financial stability board

A formidable group, led by billionaire Michael Bloomberg, is pushing for more transparency.
As well intended as it could be, the regulator seems to ignore that none of the European insurance companies needed any rescue during the financial crisis and they even contributed to the haircut of Greek debt.
As big banks continue to benefit from higher credit ratings on the presumption that the government will bail them out in
When Americans realize that the alternative is to have their ready cash transformed into "bank stock" of questionable marketability, moving failed mega-banks into the public sector may start to have more appeal.
We need look no further than the example of Lehman Brothers to understand how one financial institution's failure can threaten the global financial system and create devastating effects to economies around the world.
LONDON (Huw Jones) - Filling a trio of top regulatory jobs will be crucial for maintaining momentum in global reforms with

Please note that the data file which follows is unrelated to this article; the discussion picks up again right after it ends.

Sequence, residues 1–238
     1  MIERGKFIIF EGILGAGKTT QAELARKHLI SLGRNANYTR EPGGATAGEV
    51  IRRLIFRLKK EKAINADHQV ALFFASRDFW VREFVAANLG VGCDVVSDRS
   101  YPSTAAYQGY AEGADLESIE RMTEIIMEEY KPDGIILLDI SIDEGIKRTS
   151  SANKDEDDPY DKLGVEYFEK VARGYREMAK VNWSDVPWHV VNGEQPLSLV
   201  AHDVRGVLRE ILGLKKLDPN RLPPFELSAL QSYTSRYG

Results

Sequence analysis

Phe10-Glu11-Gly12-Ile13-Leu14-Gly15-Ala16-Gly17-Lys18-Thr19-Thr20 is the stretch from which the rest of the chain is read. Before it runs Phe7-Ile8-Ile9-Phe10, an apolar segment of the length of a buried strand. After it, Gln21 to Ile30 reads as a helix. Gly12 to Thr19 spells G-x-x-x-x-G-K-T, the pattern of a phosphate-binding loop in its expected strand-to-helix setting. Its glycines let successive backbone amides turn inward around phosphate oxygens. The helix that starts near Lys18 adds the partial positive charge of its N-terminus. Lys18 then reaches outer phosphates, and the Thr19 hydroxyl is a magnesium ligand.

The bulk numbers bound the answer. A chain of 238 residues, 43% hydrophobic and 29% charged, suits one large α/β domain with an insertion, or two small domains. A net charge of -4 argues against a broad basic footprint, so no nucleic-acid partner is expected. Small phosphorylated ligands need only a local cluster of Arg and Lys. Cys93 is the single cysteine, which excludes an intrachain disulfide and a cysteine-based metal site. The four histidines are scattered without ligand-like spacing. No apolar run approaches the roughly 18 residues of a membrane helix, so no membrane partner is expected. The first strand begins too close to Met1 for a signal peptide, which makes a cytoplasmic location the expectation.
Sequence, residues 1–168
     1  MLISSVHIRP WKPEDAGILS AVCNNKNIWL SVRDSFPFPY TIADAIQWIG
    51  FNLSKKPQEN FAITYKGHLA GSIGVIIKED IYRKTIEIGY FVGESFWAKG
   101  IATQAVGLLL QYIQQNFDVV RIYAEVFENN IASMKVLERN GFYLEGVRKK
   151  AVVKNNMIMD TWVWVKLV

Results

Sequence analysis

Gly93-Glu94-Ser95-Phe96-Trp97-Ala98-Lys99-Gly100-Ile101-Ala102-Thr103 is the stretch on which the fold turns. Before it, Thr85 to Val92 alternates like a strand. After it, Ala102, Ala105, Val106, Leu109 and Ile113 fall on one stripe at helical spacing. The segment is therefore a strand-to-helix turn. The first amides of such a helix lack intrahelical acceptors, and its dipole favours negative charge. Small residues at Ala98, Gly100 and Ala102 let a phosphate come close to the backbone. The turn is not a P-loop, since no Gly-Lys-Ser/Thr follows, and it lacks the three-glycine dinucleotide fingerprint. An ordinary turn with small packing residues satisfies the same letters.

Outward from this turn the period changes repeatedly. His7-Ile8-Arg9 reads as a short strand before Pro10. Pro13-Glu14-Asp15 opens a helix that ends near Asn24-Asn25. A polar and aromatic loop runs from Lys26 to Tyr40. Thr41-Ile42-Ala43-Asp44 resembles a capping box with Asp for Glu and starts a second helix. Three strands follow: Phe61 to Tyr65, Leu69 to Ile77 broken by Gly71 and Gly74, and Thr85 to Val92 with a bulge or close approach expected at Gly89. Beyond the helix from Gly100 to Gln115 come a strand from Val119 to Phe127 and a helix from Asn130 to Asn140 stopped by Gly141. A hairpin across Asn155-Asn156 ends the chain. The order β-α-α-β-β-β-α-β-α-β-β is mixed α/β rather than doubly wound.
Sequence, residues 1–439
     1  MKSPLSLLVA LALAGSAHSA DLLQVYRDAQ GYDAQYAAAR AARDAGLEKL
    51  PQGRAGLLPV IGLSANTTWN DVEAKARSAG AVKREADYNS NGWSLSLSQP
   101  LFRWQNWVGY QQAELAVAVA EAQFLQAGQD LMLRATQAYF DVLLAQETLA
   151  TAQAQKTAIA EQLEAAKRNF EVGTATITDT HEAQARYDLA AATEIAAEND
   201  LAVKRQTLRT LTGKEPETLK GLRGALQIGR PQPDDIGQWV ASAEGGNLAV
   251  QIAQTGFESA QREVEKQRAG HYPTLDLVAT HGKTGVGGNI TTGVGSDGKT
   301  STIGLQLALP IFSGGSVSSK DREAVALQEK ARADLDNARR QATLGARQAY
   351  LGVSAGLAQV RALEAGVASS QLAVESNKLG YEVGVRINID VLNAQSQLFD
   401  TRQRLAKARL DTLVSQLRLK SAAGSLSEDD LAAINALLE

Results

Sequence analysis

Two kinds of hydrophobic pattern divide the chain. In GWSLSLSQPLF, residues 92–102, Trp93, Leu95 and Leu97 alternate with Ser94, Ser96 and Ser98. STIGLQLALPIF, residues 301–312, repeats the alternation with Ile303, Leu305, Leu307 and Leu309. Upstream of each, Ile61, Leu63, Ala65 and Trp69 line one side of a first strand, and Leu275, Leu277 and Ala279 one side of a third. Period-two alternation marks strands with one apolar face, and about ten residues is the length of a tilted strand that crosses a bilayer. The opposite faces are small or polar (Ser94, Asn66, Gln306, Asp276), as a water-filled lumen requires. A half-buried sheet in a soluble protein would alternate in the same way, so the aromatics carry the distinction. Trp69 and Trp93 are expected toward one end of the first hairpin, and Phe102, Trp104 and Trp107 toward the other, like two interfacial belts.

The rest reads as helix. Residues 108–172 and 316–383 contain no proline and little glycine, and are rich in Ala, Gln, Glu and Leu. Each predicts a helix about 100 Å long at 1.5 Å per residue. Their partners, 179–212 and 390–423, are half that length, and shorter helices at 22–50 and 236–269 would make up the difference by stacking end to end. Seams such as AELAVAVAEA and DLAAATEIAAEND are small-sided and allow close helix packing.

"There are no two lists," one official close to the FSB told Reuters in Seoul. They added that additional loss absorbency
The European Union may give regulators powers to block new products and limit trading risks at banks deemed too big to fail
And there are doubts that effective resolution mechanisms can be created for big cross-border banks which dominate the sector
Though pressure is building from the financial industry to slow reform efforts -- and concerns about fiscal conditions risk drawing public and political energies away from the need to act -- we must seize this moment and implement broad financial reform soon.
Giant banks, while bracing for a wave of tougher regulation in Washington, will not have to face a new set of global rules
If a Wall Street bank begins to fail, threatening the safety of the financial system, it will be put to death. End of story. Republicans -- the ones who bailed out Wall Street -- just don't want to believe it.
The recent crisis was a failure of risk management -- a diagnosis widely shared among the members of the IIF. But we are also starting the next crisis: the public finance crisis in Europe, the United States and Japan.
Instead of trying to come up with a constructive solutio, the banks failed to accept that their exceptional earnings did not come to them.
We, the middle aged financiers, are responsible for taking action on the issue of massive financial fraud. If we don't, we will never restore trust in the financial system.
Why was Bear Stearns saved from bankruptcy but Lehman Brothers was not? How could the decision makers not realize the dire consequences of letting Lehman go down?